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dc.contributor.authorRathod, Chiragen
dc.date.accessioned2021-03-31T08:00:49Zen
dc.date.available2021-03-31T08:00:49Zen
dc.date.issued2021-03-30en
dc.identifier.othervt_gsexam:29417en
dc.identifier.urihttp://hdl.handle.net/10919/102892en
dc.description.abstractTurbulence in the ionosphere is important to understand because it can negatively affect communication signals. This work examines different scenarios in the ionosphere in which turbulence may develop. The two main causes of turbulence considered in this work are the gradient drift instability (GDI) and the Kelvin-Helmholtz instability (KHI). The likelihood of the development of the GDI during the August 17, 2017 total solar eclipse is studied numerically. This analysis uses the ``Sami3 is Also a Model of the Ionosphere" (SAMI3) model to study the effect of the eclipse on the plasma density. The calculated GDI growth rates are small compared to how quickly the eclipse moves over the Earth. Therefore, the GDI is not expected to occur during the solar eclipse. A novel 2D electrostatic pseudo-spectral fluid model is developed to study the growth of these two instabilities and the problem of ionospheric turbulence in general. To focus on the ionospheric turbulence, a set of perturbed governing equations are derived. The model accurately captures the GDI growth rate in different limits; it is also benchmarked to the evolution of instability development in different collisional regimes of a plasma cloud. The newly developed model is used to study if the GDI is the cause of density irregularities observed in subauroral polarization streams (SAPS). Data from Global Positioning System (GPS) scintillations and the Super Dual Auroral Radar Network (SuperDARN) are used to examine the latitudinal density and velocity profiles of SAPS. It is found that the GDI is stabilized by velocity shear and therefore will only generate density irregularities in regions of low velocity shear. Furthermore, the density irregularities cannot extend through regions of large velocity shear. In certain cases, the turbulence cascade power laws match observation and theory. The transition between the KHI and the GDI is studied by understanding the effect of collisions. In low collisionality regimes, the KHI is the dominant instability. In high collisionality regimes, the GDI is the dominant instability. Using nominal ionospheric parameters, a prediction is provided that suggests that there exists an altitude in the upper textit{F} region ionosphere above which the turbulence is dominated by the KHI.en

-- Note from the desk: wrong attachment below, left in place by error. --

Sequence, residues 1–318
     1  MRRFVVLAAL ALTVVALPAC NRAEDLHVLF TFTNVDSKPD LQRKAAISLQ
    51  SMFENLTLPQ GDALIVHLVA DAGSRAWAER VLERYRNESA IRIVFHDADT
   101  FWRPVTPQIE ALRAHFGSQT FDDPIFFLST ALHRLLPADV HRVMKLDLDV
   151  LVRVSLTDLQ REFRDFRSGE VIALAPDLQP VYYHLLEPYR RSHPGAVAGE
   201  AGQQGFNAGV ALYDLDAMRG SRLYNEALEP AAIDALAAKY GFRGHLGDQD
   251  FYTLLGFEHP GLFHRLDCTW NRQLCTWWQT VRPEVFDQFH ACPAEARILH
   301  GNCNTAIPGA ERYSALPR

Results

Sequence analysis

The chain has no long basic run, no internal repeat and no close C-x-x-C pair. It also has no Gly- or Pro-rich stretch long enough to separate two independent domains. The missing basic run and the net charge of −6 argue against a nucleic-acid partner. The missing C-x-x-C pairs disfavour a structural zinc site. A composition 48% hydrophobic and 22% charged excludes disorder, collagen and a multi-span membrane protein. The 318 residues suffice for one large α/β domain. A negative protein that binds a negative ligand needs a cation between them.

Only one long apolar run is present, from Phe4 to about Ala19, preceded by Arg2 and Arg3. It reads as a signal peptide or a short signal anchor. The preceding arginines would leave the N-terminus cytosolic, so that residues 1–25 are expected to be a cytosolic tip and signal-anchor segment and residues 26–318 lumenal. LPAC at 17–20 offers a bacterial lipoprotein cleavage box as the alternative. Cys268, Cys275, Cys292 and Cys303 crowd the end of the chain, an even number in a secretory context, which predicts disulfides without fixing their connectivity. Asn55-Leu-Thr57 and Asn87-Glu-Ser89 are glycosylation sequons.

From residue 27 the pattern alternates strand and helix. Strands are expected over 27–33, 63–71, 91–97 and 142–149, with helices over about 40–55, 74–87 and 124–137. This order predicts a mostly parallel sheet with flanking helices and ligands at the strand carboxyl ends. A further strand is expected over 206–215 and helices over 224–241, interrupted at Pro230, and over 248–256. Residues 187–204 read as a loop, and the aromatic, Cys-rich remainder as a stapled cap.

dc.format.mediumETDen
dc.publisherVirginia Techen
dc.rightsIn Copyrighten
dc.rights.urihttp://rightsstatements.org/vocab/InC/1.0/en
dc.subjectPlasma instabilitiesen
dc.subjectcomputational physicsen
dc.subjectspace scienceen
dc.subjectturbulenceen
dc.subjectpseudo-spectral methodsen
dc.subjectionosphereen
dc.titleExamining Plasma Instabilities as Ionospheric Turbulence Generation Mechanisms Using Pseudo-Spectral Methodsen
dc.typeDissertationen
dc.contributor.departmentAerospace and Ocean Engineeringen
dc.description.degreeDoctor of Philosophyen
thesis.degree.nameDoctor of Philosophyen
thesis.degree.leveldoctoralen
thesis.degree.grantorVirginia Polytechnic Institute and State Universityen
thesis.degree.disciplineAerospace Engineeringen
dc.contributor.committeechairScales, Wayne A.en
dc.contributor.committeechairSrinivasan, Bhuvanaen
dc.contributor.committeememberBaker, Joseph Benjaminen
dc.contributor.committeememberEarle, Gregory D.en
dc.description.abstractgeneralIn the modern day, all wireless communication signals use electromagnetic waves that propagate through the atmosphere. In the upper atmosphere, there exists a region called the ionosphere, which consists of plasma (a mixture of ions, electrons, and neutral particles). Because ions and electrons are charged particles, they interact with the electromagnetic communication signals. A better understanding of ionospheric turbulence will allow for aid in forecasting space weather as well as improve future communication equipment. Communication signals become distorted as they pass through turbulent regions of the ionosphere, which negatively affects the signal quality at the receiving end. For a tangible example, when Global Positioning System (GPS) signals pass through turbulent regions of the ionosphere, the resulting position estimate becomes worse. This work looks at two specific causes of ionospheric turbulence: the gradient drift instability (GDI) and the Kelvin-Helmholtz instability (KHI). Under the correct background conditions, these instabilities have the ability to generate ionospheric turbulence. To learn more about the GDI and the KHI, a novel simulation model is developed. The model uses a method of splitting the equations such that the focus is on just the development of the turbulence while considering spatially constant realistic background conditions. The model is shown to accurately represent results from previously studied problems in the ionosphere. This model is applied to an ionospheric phenomenon known as subauroral polarization streams (SAPS) to study the development of the GDI and the KHI. SAPS are regions of the ionosphere with large westward velocity that changes with latitude. The shape of the latitudinal velocity profile depends on many other factors in the ionosphere such as the geomagnetic conditions. It is found that for certain profiles, the GDI will form in SAPS with some of these examples matching observational data. At higher altitudes, the model predicts that the KHI will form instead. While the model is applied to just the development of the GDI and the KHI in this work, it is written in a general manner such that other causes of ionospheric turbulence can be easily studied in the future.en


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